Britstown

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Britstown
Church in Britstown
Church in Britstown
Britstown is located in Northern Cape
Britstown
Britstown
Britstown is located in South Africa
Britstown
Britstown
Coordinates: 30°35′S 23°30′E / 30.583°S 23.500°E / -30.583; 23.500Coordinates: 30°35′S 23°30′E / 30.583°S 23.500°E / -30.583; 23.500
CountrySouth Africa
ProvinceNorthern Cape
DistrictPixley ka Seme
MunicipalityEmthanjeni
Area
 • Total62.6 km2 (24.2 sq mi)
Population
 (2011)[1]
 • Total5,145
 • Density82/km2 (210/sq mi)
Racial makeup (2011)
 • Black African26.7%
 • Coloured68.4%
 • Indian/Asian0.4%
 • White4.0%
 • Other0.5%
First languages (2011)
 • Afrikaans80.9%
 • Xhosa13.8%
 • Sotho1.4%
 • English1.4%
 • Other2.5%
Time zoneUTC+2 (SAST)
Postal code (street)
8782
PO box
8782
Area code053

Britstown is a small farming town situated in the Northern Cape province of South Africa, in the Pixley ka Seme District Municipality, Emthanjeni Local Municipality. The town is named after Hans Brits who settled here after he accompanied David Livingstone on a venture into the interior.

Britstown lies in the heart of the Central Karoo and is located exactly halfway between Cape Town (via Three Sisters) and Johannesburg (via Kimberley) on the N12 national road, and thus is about 700 km from both cities. The N10 national road crosses the N12 500m outside the town. De Aar is the closest big town and lies 50 km East from Britstown on the N10.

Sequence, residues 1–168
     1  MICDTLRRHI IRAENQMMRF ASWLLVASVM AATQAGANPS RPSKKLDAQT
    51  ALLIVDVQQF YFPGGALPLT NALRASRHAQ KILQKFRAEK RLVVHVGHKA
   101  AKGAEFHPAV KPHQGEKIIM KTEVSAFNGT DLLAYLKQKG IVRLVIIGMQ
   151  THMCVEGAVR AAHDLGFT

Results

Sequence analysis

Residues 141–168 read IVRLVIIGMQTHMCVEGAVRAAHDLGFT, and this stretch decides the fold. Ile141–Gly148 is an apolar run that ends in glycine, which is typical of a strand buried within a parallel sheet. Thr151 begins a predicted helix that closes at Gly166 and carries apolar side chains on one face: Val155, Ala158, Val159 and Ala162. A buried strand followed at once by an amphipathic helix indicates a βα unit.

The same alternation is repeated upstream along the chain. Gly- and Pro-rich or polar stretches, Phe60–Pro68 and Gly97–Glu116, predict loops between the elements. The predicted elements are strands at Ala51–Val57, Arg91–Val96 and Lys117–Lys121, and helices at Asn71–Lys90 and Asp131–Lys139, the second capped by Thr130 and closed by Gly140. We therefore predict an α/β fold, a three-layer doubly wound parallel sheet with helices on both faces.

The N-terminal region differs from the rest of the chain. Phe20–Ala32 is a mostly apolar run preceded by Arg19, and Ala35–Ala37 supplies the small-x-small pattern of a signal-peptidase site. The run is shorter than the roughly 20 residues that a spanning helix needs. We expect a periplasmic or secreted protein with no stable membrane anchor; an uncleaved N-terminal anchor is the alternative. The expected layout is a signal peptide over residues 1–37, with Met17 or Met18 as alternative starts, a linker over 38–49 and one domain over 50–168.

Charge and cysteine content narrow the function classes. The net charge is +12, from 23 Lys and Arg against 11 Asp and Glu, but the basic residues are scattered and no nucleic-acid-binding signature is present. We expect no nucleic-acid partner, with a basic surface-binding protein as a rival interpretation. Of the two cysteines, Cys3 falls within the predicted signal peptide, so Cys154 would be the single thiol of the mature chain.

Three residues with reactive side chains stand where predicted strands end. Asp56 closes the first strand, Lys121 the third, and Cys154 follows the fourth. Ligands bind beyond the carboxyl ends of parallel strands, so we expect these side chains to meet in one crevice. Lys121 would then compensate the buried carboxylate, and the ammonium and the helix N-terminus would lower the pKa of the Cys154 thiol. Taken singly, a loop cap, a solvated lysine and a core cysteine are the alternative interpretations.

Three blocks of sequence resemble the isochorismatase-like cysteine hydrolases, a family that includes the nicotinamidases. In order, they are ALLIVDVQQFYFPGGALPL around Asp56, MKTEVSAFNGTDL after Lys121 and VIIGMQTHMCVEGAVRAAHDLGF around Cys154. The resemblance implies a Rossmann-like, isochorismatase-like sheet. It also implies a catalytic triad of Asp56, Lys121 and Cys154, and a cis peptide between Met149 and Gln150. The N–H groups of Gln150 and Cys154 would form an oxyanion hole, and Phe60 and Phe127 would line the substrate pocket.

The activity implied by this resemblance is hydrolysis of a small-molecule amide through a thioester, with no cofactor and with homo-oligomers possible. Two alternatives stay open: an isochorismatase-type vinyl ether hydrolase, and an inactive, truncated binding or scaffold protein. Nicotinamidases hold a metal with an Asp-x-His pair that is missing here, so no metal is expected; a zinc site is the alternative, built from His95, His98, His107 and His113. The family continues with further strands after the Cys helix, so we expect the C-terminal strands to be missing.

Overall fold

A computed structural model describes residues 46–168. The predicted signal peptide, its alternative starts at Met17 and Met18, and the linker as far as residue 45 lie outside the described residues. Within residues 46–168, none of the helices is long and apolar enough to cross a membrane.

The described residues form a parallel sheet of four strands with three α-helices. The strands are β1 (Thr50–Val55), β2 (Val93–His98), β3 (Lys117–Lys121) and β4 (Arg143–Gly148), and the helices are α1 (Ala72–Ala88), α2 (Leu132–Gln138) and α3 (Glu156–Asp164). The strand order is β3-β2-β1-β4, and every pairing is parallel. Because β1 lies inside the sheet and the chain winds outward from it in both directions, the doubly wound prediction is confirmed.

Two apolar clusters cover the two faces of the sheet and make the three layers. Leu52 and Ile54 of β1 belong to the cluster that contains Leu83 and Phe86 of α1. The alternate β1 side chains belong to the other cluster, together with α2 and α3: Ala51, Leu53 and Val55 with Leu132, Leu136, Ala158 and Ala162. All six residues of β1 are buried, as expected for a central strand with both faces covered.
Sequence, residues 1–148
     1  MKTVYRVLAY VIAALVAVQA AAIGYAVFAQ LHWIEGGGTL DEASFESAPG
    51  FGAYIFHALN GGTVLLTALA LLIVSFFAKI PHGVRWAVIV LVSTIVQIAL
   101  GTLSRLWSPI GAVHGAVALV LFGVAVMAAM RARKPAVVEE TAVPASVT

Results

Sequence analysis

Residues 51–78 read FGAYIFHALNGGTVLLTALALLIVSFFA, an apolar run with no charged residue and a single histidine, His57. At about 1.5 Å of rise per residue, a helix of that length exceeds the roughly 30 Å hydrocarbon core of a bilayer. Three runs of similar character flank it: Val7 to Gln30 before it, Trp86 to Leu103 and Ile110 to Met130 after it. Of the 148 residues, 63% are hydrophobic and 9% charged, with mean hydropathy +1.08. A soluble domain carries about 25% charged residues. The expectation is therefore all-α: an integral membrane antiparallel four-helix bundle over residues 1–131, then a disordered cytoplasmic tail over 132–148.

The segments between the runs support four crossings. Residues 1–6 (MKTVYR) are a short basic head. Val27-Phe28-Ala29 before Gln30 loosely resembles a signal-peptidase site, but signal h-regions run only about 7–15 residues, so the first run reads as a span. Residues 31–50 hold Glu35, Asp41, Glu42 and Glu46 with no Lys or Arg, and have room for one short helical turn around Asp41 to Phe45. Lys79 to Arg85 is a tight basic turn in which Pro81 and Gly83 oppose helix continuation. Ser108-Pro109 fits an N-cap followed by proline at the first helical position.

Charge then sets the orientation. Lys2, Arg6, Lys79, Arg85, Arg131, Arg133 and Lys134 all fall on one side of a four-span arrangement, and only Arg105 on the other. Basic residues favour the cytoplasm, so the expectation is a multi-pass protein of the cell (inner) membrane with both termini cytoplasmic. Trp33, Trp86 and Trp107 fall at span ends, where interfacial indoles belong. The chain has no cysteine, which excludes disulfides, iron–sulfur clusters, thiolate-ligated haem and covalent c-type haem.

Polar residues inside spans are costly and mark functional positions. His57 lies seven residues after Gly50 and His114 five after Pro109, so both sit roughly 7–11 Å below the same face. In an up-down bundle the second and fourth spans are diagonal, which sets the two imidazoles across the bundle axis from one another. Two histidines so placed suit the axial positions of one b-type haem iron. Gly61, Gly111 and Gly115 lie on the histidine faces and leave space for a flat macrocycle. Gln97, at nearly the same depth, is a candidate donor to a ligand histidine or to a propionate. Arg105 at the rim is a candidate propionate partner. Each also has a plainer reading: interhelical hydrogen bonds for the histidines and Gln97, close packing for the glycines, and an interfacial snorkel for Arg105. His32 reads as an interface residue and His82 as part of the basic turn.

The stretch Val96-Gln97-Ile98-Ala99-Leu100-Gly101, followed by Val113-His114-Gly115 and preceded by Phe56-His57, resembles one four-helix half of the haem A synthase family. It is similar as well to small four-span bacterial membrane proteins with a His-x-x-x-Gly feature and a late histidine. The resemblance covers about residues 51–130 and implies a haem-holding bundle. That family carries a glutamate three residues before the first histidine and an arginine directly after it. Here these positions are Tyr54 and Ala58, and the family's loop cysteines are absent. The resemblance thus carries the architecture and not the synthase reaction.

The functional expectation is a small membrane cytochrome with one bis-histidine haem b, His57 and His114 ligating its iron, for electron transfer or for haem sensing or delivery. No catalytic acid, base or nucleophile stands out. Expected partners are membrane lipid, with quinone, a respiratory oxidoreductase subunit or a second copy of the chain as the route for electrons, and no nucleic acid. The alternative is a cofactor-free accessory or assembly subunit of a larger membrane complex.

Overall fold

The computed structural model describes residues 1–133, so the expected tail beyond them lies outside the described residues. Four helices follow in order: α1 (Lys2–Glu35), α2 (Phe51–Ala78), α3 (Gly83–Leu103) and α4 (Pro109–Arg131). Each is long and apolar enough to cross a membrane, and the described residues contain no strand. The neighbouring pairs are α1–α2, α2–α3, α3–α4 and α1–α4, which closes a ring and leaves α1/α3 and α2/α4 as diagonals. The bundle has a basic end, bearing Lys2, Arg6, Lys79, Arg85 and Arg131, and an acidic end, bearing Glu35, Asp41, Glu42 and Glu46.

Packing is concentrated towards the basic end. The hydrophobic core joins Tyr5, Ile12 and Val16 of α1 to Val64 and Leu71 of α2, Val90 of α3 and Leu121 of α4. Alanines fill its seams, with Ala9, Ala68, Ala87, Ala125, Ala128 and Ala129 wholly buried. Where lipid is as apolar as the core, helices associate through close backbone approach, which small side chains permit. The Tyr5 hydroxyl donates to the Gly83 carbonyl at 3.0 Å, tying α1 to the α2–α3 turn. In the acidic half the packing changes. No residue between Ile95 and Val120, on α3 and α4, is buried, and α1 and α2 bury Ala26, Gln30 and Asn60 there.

History[edit]

In 1877 a community centre and a church was built on a section of Brits's farm. A private irrigation scheme was started by the Smartt Syndicate in 1885 and liquidated in 1954. The concern built two dams, planted lucerne and wheat. They grazed karakul sheep and Clydesdale horses. In 1961, floods destroyed the Smartt Irrigation Board Dam and it was rebuilt by the government in 1964.

Railway[edit]

Prieska-bound train entering Britstown

The railway line from De Aar to Upington and Namibia passes though the town.

References[edit]

  1. ^ a b c d Sum of the Main Places Mziwabantu and Britstown from Census 2011.